This has been a pretty good source of discussion in poker circles for years now.
The general consensus if that if you have an edge in the game you should stay as long as you can because you are giving up money by leaving.
However another noted gambling expert has stated previously that you need to “Know when to walk away and know when to run.”
In the online world I guess you just need to know when to log off?
In a home game setting or brick and mortar I don’t think you have to worry about the players at the table changing all that much, once you get a read on the players you could expect them to hang around for a few hours at least.
In the online world however, at least in the games that I throw down in, the players that are at your table could entirely switch out once or twice in the span of and hour and all the notes and reads you have go for naught. There is also a lot of hit and run players in the online world, well at the lower limits there are, guys that will step in for a a rotation or two, double up on an all in and leave.
I was having a really good session the other night, up on one table quite a bit and the other was a bit over the buyin. Leaving then would have made for a profitable day and a bankroll builder. I decided to leave as soon as I got to two full buyins profit and was just short of that goal when the slide started.
I was in the BB with A3 suited and UTG raised to 4.5x. A bit of a big raise for UTG and at this table at least, so I was thinking either a pair that didn’t want a lot of action, or AK trying to thin out the AQ, AJ, AT, and A9 that always seem to make two pair. Guy had been at the table for a short while and played fairly decent, cbet flops when he raised and generally played top pair strong. He had about half as many chips as me. Everyone else folded and I called.
Flop some A35 with one of my suit.
I lead for a half pot bet and get raised. Well he obviously has an A and not KK, QQ, or JJ.
I reraise, not a huge one, I want his money in the pot if he has AK
He reraises me.
Yeah, this really feels like AK now.
I pop him again and he goes all in. Perfect, I call.
He turns over AA and I need big time help that never comes, boom almost my entire profit for the session gone in one hand.
Well not really a bad beat as I was behind all the way, could have just as easy been AK though so maybe this was just some bad timing on my part. That’s poker.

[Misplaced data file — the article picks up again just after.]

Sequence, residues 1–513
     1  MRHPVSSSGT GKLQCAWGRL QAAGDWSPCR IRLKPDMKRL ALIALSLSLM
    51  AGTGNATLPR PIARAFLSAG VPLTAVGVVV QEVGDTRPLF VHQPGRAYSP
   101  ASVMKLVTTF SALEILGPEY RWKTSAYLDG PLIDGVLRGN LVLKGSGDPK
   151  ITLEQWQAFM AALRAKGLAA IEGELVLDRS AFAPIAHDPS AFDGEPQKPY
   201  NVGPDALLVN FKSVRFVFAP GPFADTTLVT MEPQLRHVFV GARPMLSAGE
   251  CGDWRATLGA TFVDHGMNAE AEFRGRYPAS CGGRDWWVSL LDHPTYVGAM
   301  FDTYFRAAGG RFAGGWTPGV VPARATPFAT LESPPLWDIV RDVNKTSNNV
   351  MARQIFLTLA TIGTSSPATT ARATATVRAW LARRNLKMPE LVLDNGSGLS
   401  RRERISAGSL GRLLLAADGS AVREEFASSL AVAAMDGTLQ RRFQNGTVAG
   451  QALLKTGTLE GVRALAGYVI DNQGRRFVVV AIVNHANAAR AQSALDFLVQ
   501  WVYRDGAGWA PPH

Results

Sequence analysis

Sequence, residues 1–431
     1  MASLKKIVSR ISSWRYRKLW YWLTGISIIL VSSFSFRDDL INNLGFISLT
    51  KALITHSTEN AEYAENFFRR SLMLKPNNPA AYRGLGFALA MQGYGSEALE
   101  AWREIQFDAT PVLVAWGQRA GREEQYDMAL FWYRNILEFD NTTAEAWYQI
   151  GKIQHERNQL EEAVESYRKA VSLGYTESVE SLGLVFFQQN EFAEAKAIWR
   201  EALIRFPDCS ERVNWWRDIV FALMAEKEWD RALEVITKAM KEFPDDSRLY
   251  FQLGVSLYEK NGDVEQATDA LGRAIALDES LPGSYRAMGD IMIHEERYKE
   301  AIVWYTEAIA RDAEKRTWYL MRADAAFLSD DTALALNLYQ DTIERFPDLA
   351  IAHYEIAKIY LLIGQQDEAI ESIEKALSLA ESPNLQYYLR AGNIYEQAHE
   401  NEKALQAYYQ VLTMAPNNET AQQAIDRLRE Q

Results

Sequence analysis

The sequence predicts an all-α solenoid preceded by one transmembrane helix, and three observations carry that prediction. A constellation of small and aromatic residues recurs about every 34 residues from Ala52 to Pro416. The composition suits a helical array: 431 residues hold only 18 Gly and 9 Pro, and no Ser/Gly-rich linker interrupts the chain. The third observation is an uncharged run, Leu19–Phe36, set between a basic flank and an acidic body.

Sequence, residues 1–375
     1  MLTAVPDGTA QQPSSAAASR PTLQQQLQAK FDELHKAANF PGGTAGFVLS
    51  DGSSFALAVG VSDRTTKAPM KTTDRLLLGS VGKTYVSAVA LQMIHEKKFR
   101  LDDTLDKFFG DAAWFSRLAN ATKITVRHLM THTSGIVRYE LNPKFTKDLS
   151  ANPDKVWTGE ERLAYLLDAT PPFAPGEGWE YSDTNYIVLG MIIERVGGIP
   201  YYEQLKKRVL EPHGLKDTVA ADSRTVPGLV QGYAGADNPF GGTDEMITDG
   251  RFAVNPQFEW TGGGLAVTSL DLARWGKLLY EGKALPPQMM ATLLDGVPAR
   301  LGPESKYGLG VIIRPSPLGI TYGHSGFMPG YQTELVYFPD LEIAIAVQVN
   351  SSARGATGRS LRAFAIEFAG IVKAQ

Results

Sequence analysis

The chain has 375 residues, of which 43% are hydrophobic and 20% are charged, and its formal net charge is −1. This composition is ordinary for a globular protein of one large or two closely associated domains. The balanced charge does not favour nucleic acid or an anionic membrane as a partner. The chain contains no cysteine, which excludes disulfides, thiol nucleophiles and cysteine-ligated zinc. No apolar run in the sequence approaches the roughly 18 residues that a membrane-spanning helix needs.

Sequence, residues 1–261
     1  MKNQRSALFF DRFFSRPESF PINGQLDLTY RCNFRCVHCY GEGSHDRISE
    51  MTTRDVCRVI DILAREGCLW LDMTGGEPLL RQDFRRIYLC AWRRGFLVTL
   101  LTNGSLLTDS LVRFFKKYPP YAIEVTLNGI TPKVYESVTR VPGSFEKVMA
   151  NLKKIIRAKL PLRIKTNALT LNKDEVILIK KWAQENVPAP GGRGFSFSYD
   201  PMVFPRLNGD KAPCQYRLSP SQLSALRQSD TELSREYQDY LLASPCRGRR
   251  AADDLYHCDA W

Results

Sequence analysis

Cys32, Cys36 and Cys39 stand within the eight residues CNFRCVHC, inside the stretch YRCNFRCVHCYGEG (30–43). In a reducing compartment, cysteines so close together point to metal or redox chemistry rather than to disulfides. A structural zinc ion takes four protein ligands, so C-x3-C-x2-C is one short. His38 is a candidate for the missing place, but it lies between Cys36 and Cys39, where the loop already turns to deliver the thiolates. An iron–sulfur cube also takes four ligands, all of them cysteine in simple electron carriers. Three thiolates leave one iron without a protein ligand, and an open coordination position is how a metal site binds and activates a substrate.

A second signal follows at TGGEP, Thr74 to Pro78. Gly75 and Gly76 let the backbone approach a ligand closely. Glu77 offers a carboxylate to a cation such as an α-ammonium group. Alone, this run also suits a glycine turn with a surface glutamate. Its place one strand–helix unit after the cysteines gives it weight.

Now I could have licked my wounds right there and still been up for the session.
From there I try in vain to scratch back to the level I was at but lose a couple more buyins instead when my Aces and Kings both get cracked, by pretty horrific hands mind you, and the next thing you know I am down a few buyins instead of up a few.
A combination of bad cards, a couple suck outs and not being able to connect a flop or get action when I had a good hand really sets me into reverse. Did I play terribly? No I don’t think so, but I did play differently for sure. Your mental state has so much to do with how you play the game that you need to be aware of it an notice when it is driving you off your game, not making calls, bets or raises that you should have made because you are playing scared of losing is a sure way to guarantee you will.
In the future I will try and pay more attention to the play and not set numbers as much for goals. Leaving when the cards go dry rather than when you hit a certain number might make more sense in the long run, I guess I’ll find out. So far I’m running dead today for cards and the only time I get big hands it seems to be folded around to me.
The other day on High Stakes Poker 5 Daniel Negreanu said “no mas” and left the game, now he had dropped about $600,000, just a tad more than I did today, but he did manage to realize, albeit a bit too late that he wasn’t playing well and it was time to push away from the table and things were probably not going to get better. I can just imagine the conversation you have with yourself in the parking lot after losing 600 large, I hope I never have to have them.
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